Praise for Declan Burke: “Burke shows again that he’s not just a comic genius, but also a fine dramatic writer and storyteller.” – Booklist. “Proust meets Chandler over a pint of Guinness.” – Spectator. “Among the most memorable books of the year, of any genre.” – Sunday Times. “A hardboiled delight.” – Guardian. “Imagine Donald Westlake and Richard Stark collaborating on a screwball noir.” – Kirkus Reviews. “A cross between Raymond Chandler and Flann O’Brien.” – John Banville.

Sunday, August 9, 2015

Reviews: Irish Times Crime Fiction Column, August 2015

Benjamin Black’s – aka John Banville’s – series of mystery novels set in 1950s Dublin grow increasingly impressive, even as his protagonist, the pathologist Quirke, drifts further into existential ennui. Even the Dead (Penguin, €16.99), the seventh novel to feature Quirke, opens with this most reluctant of heroes on sabbatical, suffering from “mental blanks and momentary delusions” as a result of a beating he suffered two years previously. When a young man is discovered dead in suspicious circumstances in the Phoenix Park, however, Quirke rouses himself to go prowling “the mean and mendacious little city” with his companion in arms, Inspector Hackett. The pacing is as meandering as ever, as Black regularly digresses from the plot to explore Quirke’s bewilderment at the world and his place in it, and the story is again concerned with the malign power exercised by those who mix politics and religion that has proved fertile ground for Black in the past, but the lush prose (“the sky was an inverted bowl of bruised blue radiance, except in the west where the sunset looked like a fire-fight at sea”) is underpinned by a brutally noir moral relativism. Quirke, observes his daughter Phoebe, believes life consists of “going through the motions, observing the forms, doing the right thing.” That may be the case, but much like his creator, Quirke does the right thing in a deceptively effective way.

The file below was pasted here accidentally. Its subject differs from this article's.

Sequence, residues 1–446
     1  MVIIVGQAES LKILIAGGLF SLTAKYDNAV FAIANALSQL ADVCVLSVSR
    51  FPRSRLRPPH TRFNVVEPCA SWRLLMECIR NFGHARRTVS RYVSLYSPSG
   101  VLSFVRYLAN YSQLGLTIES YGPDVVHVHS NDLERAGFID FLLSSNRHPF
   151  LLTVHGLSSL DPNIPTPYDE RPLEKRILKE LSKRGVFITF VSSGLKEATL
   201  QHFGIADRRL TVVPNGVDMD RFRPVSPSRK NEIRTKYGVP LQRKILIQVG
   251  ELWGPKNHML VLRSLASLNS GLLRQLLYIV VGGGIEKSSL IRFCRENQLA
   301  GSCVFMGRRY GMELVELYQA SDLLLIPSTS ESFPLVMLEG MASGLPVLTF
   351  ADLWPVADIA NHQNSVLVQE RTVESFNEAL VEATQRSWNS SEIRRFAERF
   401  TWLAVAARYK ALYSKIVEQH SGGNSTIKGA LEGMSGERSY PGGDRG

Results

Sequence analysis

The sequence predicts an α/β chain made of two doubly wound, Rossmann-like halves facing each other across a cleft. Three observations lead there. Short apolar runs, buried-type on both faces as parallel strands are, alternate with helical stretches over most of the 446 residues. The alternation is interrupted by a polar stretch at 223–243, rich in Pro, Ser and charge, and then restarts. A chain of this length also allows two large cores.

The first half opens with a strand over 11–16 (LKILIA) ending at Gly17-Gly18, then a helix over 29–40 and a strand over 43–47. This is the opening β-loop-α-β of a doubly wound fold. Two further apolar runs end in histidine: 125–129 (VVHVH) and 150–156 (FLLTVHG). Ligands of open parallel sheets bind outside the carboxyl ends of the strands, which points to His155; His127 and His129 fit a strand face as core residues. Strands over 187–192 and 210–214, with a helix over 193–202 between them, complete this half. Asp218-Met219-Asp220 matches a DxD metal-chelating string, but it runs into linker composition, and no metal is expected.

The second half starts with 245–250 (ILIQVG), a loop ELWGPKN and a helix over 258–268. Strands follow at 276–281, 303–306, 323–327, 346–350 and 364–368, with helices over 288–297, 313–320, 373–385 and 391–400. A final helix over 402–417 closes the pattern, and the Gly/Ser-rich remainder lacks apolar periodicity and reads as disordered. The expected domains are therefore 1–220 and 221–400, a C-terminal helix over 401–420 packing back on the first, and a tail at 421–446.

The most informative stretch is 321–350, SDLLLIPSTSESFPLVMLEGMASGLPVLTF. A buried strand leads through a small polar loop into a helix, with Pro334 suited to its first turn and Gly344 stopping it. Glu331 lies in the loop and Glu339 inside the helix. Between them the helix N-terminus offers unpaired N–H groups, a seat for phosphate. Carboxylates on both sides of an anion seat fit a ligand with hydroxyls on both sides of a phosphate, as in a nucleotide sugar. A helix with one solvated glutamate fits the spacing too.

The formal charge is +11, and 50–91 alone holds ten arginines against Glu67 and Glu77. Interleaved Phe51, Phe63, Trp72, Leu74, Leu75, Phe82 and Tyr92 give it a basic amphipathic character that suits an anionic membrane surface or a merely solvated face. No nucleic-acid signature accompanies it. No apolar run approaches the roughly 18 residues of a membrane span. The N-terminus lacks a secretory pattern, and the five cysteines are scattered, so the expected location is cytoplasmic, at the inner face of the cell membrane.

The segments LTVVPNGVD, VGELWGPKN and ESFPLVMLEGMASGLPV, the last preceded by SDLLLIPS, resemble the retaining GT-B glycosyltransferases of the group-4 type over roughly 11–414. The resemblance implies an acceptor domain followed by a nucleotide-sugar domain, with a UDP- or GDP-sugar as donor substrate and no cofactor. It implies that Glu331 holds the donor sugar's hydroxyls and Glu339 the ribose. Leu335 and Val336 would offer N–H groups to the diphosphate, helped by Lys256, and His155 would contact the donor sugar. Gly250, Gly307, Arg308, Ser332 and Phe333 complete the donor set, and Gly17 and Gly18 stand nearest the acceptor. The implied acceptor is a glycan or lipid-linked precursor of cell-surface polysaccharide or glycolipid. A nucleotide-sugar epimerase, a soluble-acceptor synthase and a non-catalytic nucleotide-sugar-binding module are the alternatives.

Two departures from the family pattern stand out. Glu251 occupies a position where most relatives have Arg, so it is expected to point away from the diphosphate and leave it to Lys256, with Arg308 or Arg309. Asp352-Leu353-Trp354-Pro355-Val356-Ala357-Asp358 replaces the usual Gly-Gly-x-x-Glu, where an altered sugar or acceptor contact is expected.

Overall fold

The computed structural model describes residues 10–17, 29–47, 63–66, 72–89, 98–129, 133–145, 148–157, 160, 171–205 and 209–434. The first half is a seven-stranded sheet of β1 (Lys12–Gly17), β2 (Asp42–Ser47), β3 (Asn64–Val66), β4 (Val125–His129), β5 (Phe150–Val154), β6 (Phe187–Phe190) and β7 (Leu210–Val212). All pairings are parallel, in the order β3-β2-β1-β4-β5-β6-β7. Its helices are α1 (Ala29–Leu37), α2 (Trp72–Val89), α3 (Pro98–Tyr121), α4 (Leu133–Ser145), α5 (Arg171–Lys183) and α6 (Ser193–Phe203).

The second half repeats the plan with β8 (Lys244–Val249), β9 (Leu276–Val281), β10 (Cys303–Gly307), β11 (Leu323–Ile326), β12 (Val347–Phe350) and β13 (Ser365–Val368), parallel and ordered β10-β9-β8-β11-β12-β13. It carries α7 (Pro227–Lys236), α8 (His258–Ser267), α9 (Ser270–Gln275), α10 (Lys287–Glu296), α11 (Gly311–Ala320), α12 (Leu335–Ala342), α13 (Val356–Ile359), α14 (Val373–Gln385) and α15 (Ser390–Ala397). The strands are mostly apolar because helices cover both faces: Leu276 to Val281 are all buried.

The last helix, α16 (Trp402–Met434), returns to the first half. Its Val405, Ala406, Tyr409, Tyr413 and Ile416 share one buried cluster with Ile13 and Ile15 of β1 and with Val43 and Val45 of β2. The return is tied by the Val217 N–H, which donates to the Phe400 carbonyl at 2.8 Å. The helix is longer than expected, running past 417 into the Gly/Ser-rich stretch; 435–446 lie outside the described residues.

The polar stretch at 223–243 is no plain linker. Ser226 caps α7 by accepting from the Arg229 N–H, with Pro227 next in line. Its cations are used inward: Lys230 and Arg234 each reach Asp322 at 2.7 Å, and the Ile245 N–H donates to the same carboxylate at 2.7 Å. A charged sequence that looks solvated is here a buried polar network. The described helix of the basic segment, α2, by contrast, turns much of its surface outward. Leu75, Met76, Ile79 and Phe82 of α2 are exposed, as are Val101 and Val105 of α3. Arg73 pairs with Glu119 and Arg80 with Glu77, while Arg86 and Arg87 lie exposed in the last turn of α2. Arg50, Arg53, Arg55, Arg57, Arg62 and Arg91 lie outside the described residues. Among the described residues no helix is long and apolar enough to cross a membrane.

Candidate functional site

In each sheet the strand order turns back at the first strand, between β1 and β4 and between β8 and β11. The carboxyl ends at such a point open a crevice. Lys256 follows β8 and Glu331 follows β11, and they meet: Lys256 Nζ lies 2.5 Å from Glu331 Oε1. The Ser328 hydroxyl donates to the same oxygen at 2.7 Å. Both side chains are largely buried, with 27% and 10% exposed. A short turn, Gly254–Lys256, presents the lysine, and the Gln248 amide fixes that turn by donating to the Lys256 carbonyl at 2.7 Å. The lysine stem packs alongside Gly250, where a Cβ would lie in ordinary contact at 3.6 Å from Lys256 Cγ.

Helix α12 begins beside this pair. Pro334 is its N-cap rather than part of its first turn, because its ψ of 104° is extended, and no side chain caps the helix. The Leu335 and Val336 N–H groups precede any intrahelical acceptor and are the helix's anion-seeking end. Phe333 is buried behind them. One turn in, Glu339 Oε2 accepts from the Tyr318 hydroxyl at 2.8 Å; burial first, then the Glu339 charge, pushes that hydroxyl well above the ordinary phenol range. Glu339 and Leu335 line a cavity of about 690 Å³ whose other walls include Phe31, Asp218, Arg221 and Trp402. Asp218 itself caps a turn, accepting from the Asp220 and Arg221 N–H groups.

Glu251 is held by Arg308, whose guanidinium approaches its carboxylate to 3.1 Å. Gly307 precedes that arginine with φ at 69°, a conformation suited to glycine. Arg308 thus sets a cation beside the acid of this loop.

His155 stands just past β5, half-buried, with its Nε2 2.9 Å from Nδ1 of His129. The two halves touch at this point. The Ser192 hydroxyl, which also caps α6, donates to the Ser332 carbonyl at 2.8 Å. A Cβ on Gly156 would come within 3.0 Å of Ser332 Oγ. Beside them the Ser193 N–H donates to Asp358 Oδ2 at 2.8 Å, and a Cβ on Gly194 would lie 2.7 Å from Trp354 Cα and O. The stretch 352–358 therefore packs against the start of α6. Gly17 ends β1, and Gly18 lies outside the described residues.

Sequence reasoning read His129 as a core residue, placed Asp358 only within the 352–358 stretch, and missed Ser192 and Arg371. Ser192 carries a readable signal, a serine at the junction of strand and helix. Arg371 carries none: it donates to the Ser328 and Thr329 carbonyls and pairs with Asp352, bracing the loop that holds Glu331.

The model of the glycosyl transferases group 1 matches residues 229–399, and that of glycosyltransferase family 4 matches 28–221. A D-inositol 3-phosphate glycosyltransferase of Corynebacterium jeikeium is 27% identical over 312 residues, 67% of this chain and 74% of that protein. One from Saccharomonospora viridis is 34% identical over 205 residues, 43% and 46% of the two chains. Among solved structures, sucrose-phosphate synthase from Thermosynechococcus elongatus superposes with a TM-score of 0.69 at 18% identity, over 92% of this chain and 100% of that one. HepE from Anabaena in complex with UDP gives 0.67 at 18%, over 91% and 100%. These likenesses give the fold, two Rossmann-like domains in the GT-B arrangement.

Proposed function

Freedom’s Child (Harper Fiction, €19.50), the debut thriller from Jax Miller, an American author domiciled in Ireland, opens in dramatic fashion with the line, “My name is Freedom Oliver and I killed my daughter.” Living under an assumed name in a witness protection programme in Oregon, Freedom – who describes herself as “a murderer, a cop killer, a fugitive, a drunk” – breaks cover for the first time in almost two decades when said daughter, Rebekah, goes missing. Hunted by the recently released Matthew Delaney, who went to prison for 18 years on the basis of Freedom’s testimony, Freedom travels to Kentucky to investigate the fanatical Christian cult established by the man who adopted Rebekah, Virgil Paul. Plausibility is at a premium in Freedom’s Child, and language is here a rather blunt instrument, but Miller is less concerned with narrative subtlety and delicate prose than she is with creating a propulsive, full-throttle tale of revenge and redemption. The overall effect is a kind of literary grind-house, with Freedom Oliver a larger-than-life avenging angel driven by a host of demons, a self-confessed promiscuous drunk and glutton for punishment who might well be Lisbeth Salander’s long-lost twin.